Of course…we had to take yet another photo of this most plentiful of South Island residents! We also saw deer ‘farms’ and beef cattle along the Highway 7 as we moved west.
One thing that you notice after leaving the eastern part of the island is the lack of people. There is plenty of open land with few homes or structures. Traffic is minimal to say the least.
Of course, in New Zealand you are driving on the left. I did most of the driving but neither one of us had much trouble getting used to the change. We had experienced this ‘wrong way’ driving on earlier trips to England/Scotland and Australia and after a bit, it seems almost normal…
Sunshine in Hammer Springs New Zealand! This town of roughly 729 residents is at an elevation of about 1,670 feet and about 40 miles from Kaikoura. A popular hot spring was discovered here in the late 1800’s and the town was named after an owner of a nearby ‘station’ or farm.
The area is popular to mountain biking, bush walking/trekking and bungee jumping. (I would not let Laurie bungee jump despite her desire to try it!) There are also a couple of nearby ski areas for winter recreation. A current project calls for an expanded pool, waterslide, aqua play area, ice skating rink, etc.
The next town that we came to was Reefton. It’s located on Highway 7 near the west coast of the South Island. Believe it or not, in 1888 Reefton was the first town in New Zealand…and in the entire Southern Hemisphere…to receive electricity for general use.
Rich veins of gold were discovered in a quartz reef between 1866 and 1870. The population grew to several thousand at the time, although now it’s at roughly 950. The town is expected to grow again due to the fact that an Australian gold mining company has begun operations nearby. There is also coal mining in the vicinity.
Ahhh, the roads in New Zealand… By far, most of them are 2-lane. However, there are many one lane bridges in the mix, just to keep the drivers alert! We did encounter 1 stretch of 4-lane highway between Dunedin and Christchurch. One doesn’t drive fast anywhere on the west side of the South Island. It’s just too rugged…and you’ll want to check out the scenery in any case!
Note: Only 2% of New Zealand’s roads are divided dual lane with a center separation…
Here’s what I call a multi-use bridge! Note that its only a single lane…you must take turns going north and south… Also note the railroad tracks down the center of the bridge! FYI…this was like a ‘traffic jam’! There were 4 vehicles ahead of us…
This is a view of the rugged central west coast of the South Island. It’s a bit reminiscent of the northern California coastline…only greener with more rainfall year around. The body of water in this photo is the Tasman Sea. If you were to fly about 900 miles west, you would arrive in Australia.
These are the famed pancake rock off of Highway 6, (the West Coast Highway), near Punakaiki and the Paparoa National Park. These stacks are primarily limestone sculpted by the wind and sea. There are also a number of blowholes through which the waves send spouts of water high into the air. For some great photos of these formations and other sights in this area, just go to www.punakai.co.nz. It should be noted that walking access to the pancake rocks and blowholes is paved and very safe.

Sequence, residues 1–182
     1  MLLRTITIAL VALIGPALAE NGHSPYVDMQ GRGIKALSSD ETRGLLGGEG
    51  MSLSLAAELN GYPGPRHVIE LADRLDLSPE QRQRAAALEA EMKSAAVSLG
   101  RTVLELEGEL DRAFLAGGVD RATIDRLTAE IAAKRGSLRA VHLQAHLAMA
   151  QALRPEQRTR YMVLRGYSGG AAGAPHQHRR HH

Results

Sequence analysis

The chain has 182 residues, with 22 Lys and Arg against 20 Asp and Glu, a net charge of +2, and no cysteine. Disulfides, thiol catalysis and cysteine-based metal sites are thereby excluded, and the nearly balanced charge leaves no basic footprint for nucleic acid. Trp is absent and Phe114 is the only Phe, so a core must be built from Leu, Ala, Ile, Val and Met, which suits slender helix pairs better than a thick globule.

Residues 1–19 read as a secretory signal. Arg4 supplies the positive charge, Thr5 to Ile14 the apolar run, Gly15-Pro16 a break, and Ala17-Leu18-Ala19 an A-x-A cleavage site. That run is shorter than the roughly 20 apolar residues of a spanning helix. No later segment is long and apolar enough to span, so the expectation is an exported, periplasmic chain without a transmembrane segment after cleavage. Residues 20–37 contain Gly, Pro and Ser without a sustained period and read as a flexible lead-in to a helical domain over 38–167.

Yes, you are right! This is a glacier… I told you that the South Island has about everything, (as regards scenery), that the USA does in an area that’s just a little larger than Illinois. This is the Fox Glacier. You can see it right from Highway 6. This glacier is a little more than 8 miles long and it lies in the Westland Tai Poutini National Park. This is one of the few glaciers in the world that ends in a rainforest and it’s only 980 feet above sea level!
Here’s Laurie posing in front of the Fox Glacier. It was a bit chilly with the low lying clouds and the nearby glacier. This glacier ebbs and flows and as you can see from the glacial moraine, (rocks and mud), to the right side of the photo, in previous times it has stretched further on down the valley. As recently as 2009, the Fox Glacier was once again advancing down the valley.
This was another scenic view up the valley near the Fox Glacier. I can’t begin to imagine just how many photos we would have taken if we’d had a digital camera back in 2000!
In addition to the Fox Glacier, a second glacier, the Franz Joseph glacier is also nearby. The whole area is part of the Te Wahipounamu World Heritage Site. The Franz Joseph Glacier is retreating at the current time. The glaciers are fenced off at their base to keep tourist away from the dangerous leading edge of the ice. Back in 2009, two Australian tourists who ventured beyond the safety fence were buried in tons of ice when a large section of the leading edge collapsed on them…
This is the Fox Glacier Lodge. It was our overnight home as we explored the area. It’s the number 1 rated specialty lodging in the area as per Trip Advisor…with a total of 93 reviews. I checked and if a room was available, the cost would be $140 NZ…or $117 US. To learn more about the lodge you can go to www.foxglacierlodge.com. For more on the Fox and Franz Joseph Glaciers…as well as other glaciers in New Zealand, just go to http://en.wikipedia.org/wiki/Glaciers_of_New_Zealand.
Just click on any of our vacation photos to enlarge them…
Thanks for stopping by for the latest ‘photo travelogue’ installment from our New Zealand adventure!
Take Care, Big Daddy Dave